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Rancor Moves to Center Stage in Actors' Strike

As the dispute moves toward its fifth month, hostility deepens on both sides of the Hollywood picket line.


Irwin Keyes has the type of rubbery, comic-strip features that Hollywood casting agents refer to as a "great look." His square-jawed, pop-eyed visage has served him well over 25-odd years as a commercial actor, landing him parts as a nose-picking cowboy thug, a lunkheaded Neanderthal who gets bonked from the sky by a keg of Budweiser and a gluttonous Goliath slain by David for refusing to share his Subway sandwich.

A couple of years ago he even won a Clio, the TV commercial industry's top award, for his gothic-Method portrayal of a 14th century hunchbacked messenger in the Dark Ages before Southwestern Bell. "It was really cute," says Keyes' actor-wife, Vicki.

But the Keyeses, like thousands of fellow performers across the country, now find themselves assigned the role of anonymous bit players in a rancorous Information Age epic where the possibility of a happy ending grows fainter by the day.

As the Hollywood commercial actors' strike against the advertising industry grinds into its fifth month--one of the longest actors' strikes in U.S. history--anger and anxiety are spilling over on all sides of the picket line. With the actors' unions and their ad industry opponents hunkering down, the labor dispute that began May 1 over the industry's desire to pay actors a flat fee with no residuals for appearances in network and cable TV ads has curdled into a sour cocktail of bitter accusations and wounded friendships.

In Greater Los Angeles, home to about 60,000 of the Screen Actors Guild's 97,000 members, the strike's hyper-real emotional atmosphere has bled into the personal realm, touching actors, producers, casting agents, camera operators, electricians, even caterers. Heated rows break out at West Hollywood dinner parties. Longtime colleagues refuse to speak with one another. Friends who attended each other's weddings now go out of their way to avoid contact.

Although advertisers so far have hesitated to yank their big-name Hollywood pitchmen in favor of no-name replacements, the strike's foot soldiers must rely on strength in numbers, while growing painfully aware that the ad industry apparently doesn't prize their talents as much as they themselves do.

"In the last two weeks the anger has been building. You can see it in people's eyes, you can see it in their actions," says casting director Tom Reudy, who, like many in his business, professes to be "stuck in the middle" of the strike. "It's very difficult because no one expected this strike to go on like this."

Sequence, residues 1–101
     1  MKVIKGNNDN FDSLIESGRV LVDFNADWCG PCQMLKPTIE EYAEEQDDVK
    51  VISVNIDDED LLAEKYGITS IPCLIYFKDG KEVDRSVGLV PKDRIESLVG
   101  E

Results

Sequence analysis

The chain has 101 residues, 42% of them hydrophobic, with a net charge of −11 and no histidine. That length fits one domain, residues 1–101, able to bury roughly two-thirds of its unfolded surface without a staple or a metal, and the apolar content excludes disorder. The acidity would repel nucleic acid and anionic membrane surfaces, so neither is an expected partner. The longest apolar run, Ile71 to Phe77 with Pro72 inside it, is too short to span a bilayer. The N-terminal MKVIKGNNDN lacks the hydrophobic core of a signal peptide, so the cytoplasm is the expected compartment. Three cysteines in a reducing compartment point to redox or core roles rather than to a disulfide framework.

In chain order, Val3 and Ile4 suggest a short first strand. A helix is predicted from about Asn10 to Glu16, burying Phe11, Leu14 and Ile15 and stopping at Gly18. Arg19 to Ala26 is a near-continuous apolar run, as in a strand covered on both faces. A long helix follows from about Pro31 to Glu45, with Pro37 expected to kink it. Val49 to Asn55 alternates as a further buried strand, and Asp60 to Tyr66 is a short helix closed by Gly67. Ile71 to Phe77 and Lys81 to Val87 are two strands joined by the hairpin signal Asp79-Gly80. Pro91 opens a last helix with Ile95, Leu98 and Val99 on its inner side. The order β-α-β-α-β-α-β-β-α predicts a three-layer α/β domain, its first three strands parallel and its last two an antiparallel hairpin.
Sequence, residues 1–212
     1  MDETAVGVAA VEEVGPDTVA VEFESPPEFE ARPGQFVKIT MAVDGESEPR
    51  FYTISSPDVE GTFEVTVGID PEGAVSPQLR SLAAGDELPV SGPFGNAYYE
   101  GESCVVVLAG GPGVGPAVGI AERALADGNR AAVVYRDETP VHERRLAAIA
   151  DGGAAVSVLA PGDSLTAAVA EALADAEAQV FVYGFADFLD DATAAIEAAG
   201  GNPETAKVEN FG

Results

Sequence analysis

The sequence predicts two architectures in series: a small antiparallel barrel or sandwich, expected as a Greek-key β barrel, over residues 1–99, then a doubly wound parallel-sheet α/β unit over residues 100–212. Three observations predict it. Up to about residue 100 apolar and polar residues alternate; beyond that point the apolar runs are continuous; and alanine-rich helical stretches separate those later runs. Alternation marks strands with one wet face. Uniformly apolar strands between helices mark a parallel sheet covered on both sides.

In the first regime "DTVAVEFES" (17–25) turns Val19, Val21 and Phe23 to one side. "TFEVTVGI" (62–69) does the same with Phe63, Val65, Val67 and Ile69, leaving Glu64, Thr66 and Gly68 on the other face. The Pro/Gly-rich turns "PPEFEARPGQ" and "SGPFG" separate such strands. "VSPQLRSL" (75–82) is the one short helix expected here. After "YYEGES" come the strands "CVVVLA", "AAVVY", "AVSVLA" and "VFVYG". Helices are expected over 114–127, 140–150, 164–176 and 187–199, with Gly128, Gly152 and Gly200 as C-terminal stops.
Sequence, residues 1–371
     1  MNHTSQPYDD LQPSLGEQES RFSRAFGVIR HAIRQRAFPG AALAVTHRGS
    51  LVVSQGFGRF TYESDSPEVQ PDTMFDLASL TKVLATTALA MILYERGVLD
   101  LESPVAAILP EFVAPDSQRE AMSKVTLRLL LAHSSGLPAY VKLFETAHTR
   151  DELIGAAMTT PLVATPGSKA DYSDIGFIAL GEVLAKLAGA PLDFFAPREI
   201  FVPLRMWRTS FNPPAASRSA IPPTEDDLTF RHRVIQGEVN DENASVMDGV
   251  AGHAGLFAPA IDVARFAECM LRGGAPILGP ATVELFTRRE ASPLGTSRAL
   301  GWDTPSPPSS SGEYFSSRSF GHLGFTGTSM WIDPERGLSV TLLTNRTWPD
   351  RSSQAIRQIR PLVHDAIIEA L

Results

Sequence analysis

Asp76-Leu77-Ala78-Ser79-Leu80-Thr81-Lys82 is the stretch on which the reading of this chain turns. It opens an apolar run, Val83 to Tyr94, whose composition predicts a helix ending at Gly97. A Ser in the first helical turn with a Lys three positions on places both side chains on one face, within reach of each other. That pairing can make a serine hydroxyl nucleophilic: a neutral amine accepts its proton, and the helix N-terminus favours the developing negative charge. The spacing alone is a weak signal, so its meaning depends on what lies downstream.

The two sides are scheduled to meet in New York on Sept. 13, their first formal encounter since two days of fruitless talks in late July, but no one involved sounds remotely hopeful of a truce. Instead, many are dreading a grueling rerun of the 22-week Writers Guild strike against producers in 1988, which was blamed for hundreds of millions of dollars in losses. Hollywood buzzes with speculation that the strike could presage an even more costly dispute next spring when contracts expire for the 12,000-member Writers Guild of America and the TV and film industry.

The strike's asphalt-pounding choreography has transformed people like Irwin and Vicki Keyes, who keep house in Santa Monica with their cat Squeaky and never paid much heed to union affairs before, into activists, fighting for what they see as their right to make a fair-wage living in a fast-changing industry. While a handful of marquee Hollywood talent, including Elliot Gould, William Baldwin and Charlton Heston, have marched and leafleted, the strike is largely being waged by rank-and-file grunts like the Keyeses who wish more of their glamorous colleagues would go grab a picket sign and hit the streets.

"We still have not given in, and I'm proud of us," said Vicki last week while taking part with her husband in a candlelight vigil that was intended to, but failed, to catch Al Gore's eye. "This is not an easy thing. Strikes are just the pits."

Which isn't to say the current dispute has bottomed out yet. Officials of the two striking unions, SAG and the American Federation of Television & Radio Artists (AFTRA), cite figures that the ad industry is losing between $1 million and $2 million a day on the strike, while the permit-issuing Entertainment Industry Development Corp. reckons commercial production in L.A. County has dropped 66%. But the industry asserts that it's countering the strike by simply shifting production to other parts of the country and Canada to elude picketers.

"The industry is producing a full complement of excellent commercials," says Ira Shepard, labor counsel for the committee that represents the Assn. of National Advertisers and the American Assn. of Advertising Agencies. "The victims of the strike are people blindly following the union's leadership."

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